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After winning bid to buy Shelter Island hotel, Soloviev discusses vision for North Fork, Peconic Bay Winery

The Chequit Inn, a Shelter Island landmark built 148 years ago, was sold at auction last Tuesday to Stefan Soloviev, who owns Crossroads Agriculture, one the nation’s largest agriculture companies, and who has purchased more than 1,000 acres on the North Fork for agricultural uses. 

Mr. Soloviev won the auction with a bid of $3 million and said operation of the Chequit will be handled by his ex-wife, Stacey Soloviev, who will also run the recently acquired Peconic Bay Winery in Cutchogue. She has been running Santa’s Christmas Tree Farm in Cutchogue, which Mr. Soloviev acquired in a July 2019 auction. 

In an extended interview last Thursday, the Solovievs spoke about their plans for the inn and restaurant, including integrating their various projects on the North Fork with the purchase of the hotel on Shelter Island. 

“This was all very sudden,” Stacey Soloviev said of the Chequit purchase. “I first heard about it [last] Friday, we walked through it Saturday and [last] Tuesday we won it at auction.”

After walking through the building, she said, “I fell in love with the place. It’s amazing. The wraparound porches, the red maple tree and just people sitting outside looking at the water.”

Ms. Soloviev said she’s spoken with the neighbors and the Shelter Island Heights Home Owners Association about her plans for the building. “This will be our starting point for our plans for Peconic Bay Winery,” she said.

For the winery, which Mr. Soloviev acquired last year, “the plan is to have a new tasting area and winemaking facility,” she said, adding, “I would love to have a small boutique hotel and a spa that’s catered all toward wine.”

She said she also envisions having a restaurant at the Cutchogue property.

“I don’t want the limos and buses, I don’t want the crowds, I want a total immersion,” she said. “I want people to come out and be part of the winemaking, being in the facility, bottling wine, labeling wine, bringing wine home with you.”

Other plans for Peconic Bay Winery, which also has a vineyard, include having guest chefs teach about wine pairings and getting people out in the field, letting them be part of the harvest, she said.

Peconic Bay Winery will need permits from Southold Town for several of those proposals. Ms. Soloviev originally hoped to have the tasting room open by May 1, but that’s been pushed back by the coronavirus pandemic, which has brought construction to a halt. The winery has been closed since 2013.

As for the Chequit, Ms. Soloviev envisions having weddings at one of several vineyards Mr. Soloviev has purchased, and then bringing guests to the hotel at the Chequit, or possibly to a new hotel at Peconic Bay Winery.

“We can have weddings at either,” she said.

The Chequit already has a restaurant, called The Red Maple, and there’s a coffee and pastry bar on the north side of the building on Washington Street. 

“It needs some love on the outside,” Ms. Soloviev said of the inn.

The Solovievs also plan to bring cattle to the North Fork.

“We plan to grow all our own food and raise all of our own meat,” she said.

Hemp or food?

Mr. Soloviev has purchased numerous farms on the North Fork, stretching from Orient to Wading River.

He plans to run them under the supervision of his Colorado/Kansas-based company, but local people will do the work. He has already installed deer fencing on 1,100 acres of farmland at a cost of $35,000.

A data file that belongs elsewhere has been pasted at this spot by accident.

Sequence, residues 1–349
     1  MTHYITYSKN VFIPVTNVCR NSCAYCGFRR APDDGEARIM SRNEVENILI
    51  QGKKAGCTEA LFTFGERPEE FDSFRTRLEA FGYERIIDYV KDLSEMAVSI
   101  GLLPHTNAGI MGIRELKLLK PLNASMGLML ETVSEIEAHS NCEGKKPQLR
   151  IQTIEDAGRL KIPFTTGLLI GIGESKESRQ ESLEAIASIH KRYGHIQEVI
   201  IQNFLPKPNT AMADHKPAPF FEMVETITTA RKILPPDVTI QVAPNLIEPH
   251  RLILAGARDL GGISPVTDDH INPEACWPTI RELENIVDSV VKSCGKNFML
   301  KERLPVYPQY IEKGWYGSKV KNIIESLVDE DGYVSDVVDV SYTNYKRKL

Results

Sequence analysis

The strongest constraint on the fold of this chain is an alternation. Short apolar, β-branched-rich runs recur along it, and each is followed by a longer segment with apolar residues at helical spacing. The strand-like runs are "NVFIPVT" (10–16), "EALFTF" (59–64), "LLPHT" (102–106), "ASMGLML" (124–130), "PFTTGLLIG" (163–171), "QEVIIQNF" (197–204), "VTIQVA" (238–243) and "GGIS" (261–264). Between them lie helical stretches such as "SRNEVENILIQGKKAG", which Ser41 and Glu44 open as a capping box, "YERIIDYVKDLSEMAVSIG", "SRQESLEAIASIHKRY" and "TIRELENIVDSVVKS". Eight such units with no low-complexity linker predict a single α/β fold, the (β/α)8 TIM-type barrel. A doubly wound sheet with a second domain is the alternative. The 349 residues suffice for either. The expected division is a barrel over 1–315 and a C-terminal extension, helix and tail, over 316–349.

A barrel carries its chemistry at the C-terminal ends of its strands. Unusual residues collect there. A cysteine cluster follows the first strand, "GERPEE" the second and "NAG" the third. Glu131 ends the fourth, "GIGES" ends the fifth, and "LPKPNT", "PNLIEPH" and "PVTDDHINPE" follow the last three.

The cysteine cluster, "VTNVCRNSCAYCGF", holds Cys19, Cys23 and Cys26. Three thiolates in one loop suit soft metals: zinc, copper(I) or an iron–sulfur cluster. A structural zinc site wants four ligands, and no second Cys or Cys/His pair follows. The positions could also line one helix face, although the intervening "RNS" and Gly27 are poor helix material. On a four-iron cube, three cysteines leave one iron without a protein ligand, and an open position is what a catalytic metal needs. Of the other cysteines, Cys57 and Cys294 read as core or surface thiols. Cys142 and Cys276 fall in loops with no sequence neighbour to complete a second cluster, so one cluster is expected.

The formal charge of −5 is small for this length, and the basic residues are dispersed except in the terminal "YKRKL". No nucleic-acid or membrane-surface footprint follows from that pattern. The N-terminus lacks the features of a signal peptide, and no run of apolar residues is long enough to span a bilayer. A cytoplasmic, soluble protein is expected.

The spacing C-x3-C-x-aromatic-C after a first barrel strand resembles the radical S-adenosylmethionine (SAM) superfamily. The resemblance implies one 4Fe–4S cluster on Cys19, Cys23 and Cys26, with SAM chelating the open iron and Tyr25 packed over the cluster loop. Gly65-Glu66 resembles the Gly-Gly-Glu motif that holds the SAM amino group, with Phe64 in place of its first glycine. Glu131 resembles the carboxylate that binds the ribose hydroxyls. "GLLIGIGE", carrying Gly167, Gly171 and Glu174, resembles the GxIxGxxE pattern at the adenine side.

Crossroads Agriculture, founded in 1999 in Kansas, now has 15,000 acres there and 100,000 acres of cropland in Colorado. It also owns 300,000 acres of grassland and 38,000 acres of cropland in New Mexico.

Mr. Soloviev says the wheat they grow in Colorado is ready for human consumption, and is not used for ethanol or animal feed.

“It goes right into the food system,” he said.

But the impact of the coronavirus pandemic has prompted him to consider changes for the use of the North Fork farmland. He originally planned to dedicate a large percentage of that acreage to growing hemp.

“My gut is telling me that we should be planting a lot more food crops than hemp if there’s a food shortage,” he said. “Long Island will be in a better position with more food at this point and not hemp. But hemp is still very important, though.”

Because his Midwest operations make money, he can be more versatile with his North Fork land, he said.

“I want to do what’s best for the community,” he said. “Not making money. We’re making money out west.”

And while he says he is not looking to develop land, one development project is being considered for the future.

On the sites he calls Quintin North and Quintin East, comprising 130 acres that extend north from Route 48 to Long Island Sound in Cutchogue, he said, “I do want to built renewable houses using 50% to 70% of the material as hemp. They would not be massive houses; they would be normal-size houses, 3,000 to 4,000 square feet. That will be the first development I will do, but it will be very careful. It will not ruin the vistas. There will be wooded property and you could not even see it from the road.

“But that’s down the road,” he added.


Mr. Soloviev attempted to clarify comments he made in a previous Times-Review interview. In December, he told a reporter, “I’m really tired of talking about the North Fork. It’s not my priority,” before hanging up.

He explained last week that at the time he received the reporter’s call, he was facing a stressful deadline and if he missed it, he’d have been stuck in New Mexico over the weekend and unable to see his kids in East Hampton. “It’s a little high-stress environment,” he said.